The Daily Telegraph
Brexit has boosted UK wages as Leave campaign said
BREXIT has boosted wage growth in the UK just as the Leave campaign predicted it would, economists have said.
Senior City analysts said that near record-wage growth was partly being driven by a crackdown on uncontrolled immigration from the EU, with employers forced to pay more for low-skilled roles previously filled by Europeans.
Marion Amiot, a senior European economist at rating agency S&P, said: “It’s much harder to get people from Europe so UK based-employees have better bargaining power and it means they can get higher wages.”
Mabrouk Chetouane, the head of global market strategy at the French investment bank Natixis, said the change in the labour market was “obvious” but said Brexit appeared to have become “taboo” when talking about it.
He said: “We have decent labour demand but when you look at the supply, it has been cut massively due to Brexit. It creates an imbalance that continues to fuel wage growth and this is here to stay.”
The comments come after figures last week showed that wages, excluding bonuses, were growing at a near-record pace of 7.7pc This is just 0.1 percentage point lower than the peak seen over the summer, which was the highest since comparable data began in 2001.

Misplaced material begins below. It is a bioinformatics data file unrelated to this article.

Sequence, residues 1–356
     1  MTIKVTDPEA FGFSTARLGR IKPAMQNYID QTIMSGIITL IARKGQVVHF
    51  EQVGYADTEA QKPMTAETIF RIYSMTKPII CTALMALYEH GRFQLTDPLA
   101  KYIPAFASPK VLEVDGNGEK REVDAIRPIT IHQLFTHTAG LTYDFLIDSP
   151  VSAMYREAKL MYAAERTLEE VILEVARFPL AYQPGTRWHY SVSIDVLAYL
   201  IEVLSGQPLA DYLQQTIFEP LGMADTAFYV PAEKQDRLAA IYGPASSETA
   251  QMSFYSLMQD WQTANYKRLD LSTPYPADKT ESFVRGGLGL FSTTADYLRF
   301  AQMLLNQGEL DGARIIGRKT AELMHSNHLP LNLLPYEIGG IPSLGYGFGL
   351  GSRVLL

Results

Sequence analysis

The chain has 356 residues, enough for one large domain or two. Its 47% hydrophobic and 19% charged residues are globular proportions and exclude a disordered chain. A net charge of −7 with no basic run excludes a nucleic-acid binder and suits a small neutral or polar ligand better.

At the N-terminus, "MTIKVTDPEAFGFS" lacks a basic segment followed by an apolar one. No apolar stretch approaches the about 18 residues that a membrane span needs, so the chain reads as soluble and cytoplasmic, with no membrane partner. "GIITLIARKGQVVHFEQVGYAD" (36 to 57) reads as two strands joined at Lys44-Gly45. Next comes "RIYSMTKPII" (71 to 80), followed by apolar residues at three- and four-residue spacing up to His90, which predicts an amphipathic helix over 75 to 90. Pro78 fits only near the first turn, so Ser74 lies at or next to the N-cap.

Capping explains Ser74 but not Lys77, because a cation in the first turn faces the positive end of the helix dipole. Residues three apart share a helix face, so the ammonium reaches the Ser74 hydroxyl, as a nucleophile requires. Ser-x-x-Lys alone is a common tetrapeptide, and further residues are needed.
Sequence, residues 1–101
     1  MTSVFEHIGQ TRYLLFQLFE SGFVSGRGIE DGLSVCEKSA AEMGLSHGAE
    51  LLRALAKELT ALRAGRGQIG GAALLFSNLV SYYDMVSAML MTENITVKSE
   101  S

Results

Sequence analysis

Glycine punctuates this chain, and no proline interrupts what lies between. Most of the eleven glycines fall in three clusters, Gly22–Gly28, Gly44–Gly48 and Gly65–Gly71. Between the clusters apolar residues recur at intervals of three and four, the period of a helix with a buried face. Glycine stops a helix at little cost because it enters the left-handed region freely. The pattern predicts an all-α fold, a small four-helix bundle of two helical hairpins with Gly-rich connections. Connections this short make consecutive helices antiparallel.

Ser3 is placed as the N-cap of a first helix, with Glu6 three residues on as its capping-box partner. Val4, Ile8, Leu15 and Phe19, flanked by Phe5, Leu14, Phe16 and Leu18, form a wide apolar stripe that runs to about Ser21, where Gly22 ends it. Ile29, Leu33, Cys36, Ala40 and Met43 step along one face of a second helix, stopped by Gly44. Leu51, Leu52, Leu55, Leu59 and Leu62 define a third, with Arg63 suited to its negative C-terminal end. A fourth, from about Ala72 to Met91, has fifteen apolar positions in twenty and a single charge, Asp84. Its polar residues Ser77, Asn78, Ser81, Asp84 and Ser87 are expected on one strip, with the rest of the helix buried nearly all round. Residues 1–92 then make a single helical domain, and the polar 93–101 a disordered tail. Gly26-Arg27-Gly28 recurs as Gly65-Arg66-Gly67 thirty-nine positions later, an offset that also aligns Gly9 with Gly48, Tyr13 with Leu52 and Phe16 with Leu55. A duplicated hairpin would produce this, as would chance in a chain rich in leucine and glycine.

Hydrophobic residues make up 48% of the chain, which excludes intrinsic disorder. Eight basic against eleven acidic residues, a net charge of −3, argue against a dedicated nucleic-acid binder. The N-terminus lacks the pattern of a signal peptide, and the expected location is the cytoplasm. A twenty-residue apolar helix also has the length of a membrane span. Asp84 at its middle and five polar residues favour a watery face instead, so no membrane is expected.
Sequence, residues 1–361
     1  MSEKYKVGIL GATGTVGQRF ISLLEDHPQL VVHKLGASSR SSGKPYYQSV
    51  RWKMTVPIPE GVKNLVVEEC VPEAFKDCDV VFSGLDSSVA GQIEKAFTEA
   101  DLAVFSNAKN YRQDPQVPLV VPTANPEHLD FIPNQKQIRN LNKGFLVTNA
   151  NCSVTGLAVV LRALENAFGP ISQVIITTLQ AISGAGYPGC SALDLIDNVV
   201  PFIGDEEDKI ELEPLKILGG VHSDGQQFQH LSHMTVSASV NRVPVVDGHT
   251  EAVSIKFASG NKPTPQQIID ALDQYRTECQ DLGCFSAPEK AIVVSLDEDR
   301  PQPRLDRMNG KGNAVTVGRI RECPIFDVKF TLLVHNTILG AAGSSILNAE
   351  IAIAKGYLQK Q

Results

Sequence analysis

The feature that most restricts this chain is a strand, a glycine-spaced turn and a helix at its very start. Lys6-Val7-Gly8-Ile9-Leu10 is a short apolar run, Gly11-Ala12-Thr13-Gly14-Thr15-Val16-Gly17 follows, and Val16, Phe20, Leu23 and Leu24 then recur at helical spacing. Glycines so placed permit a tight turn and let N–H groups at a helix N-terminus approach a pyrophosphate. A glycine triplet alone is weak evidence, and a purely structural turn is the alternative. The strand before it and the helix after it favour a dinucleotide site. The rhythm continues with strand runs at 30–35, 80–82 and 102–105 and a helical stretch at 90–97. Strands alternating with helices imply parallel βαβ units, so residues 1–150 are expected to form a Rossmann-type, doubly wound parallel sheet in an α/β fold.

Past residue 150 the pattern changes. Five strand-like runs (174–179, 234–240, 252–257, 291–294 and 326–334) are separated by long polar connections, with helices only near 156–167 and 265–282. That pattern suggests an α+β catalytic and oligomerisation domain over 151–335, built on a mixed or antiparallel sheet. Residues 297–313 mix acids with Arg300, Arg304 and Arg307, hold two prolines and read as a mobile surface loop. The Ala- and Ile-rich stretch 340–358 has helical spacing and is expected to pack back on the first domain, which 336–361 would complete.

Leave campaigners repeatedly argued during the referendum campaign that quitting the EU would drive up pay in Britain.
Ms Amiot said: “We have seen immigration is still quite high on a net basis but it’s not the same immigrants, so the skill set they bring is a bit different from before.” Net migration reached a record high of 606,000 in the year to June 2022.
Jack Kennedy, a senior economist at hiring website Indeed, said he believed Brexit was “certainly likely to be a contributory factor” towards faster than expected wage growth for unskilled jobs.
He said: “Our own Indeed wage tracker data shows a lot of the categories where wage growth remains highest are the ones where we know Brexit has been an aggravating factor in terms of being able to fill staffing gaps ... a lot of the lower paid sectors are seeing pretty strong rates of wage growth of between about 7pc to 10pc in our data.”
Other factors include a wave of early retirement post-covid and an increase in long-term sickness post-pandemic.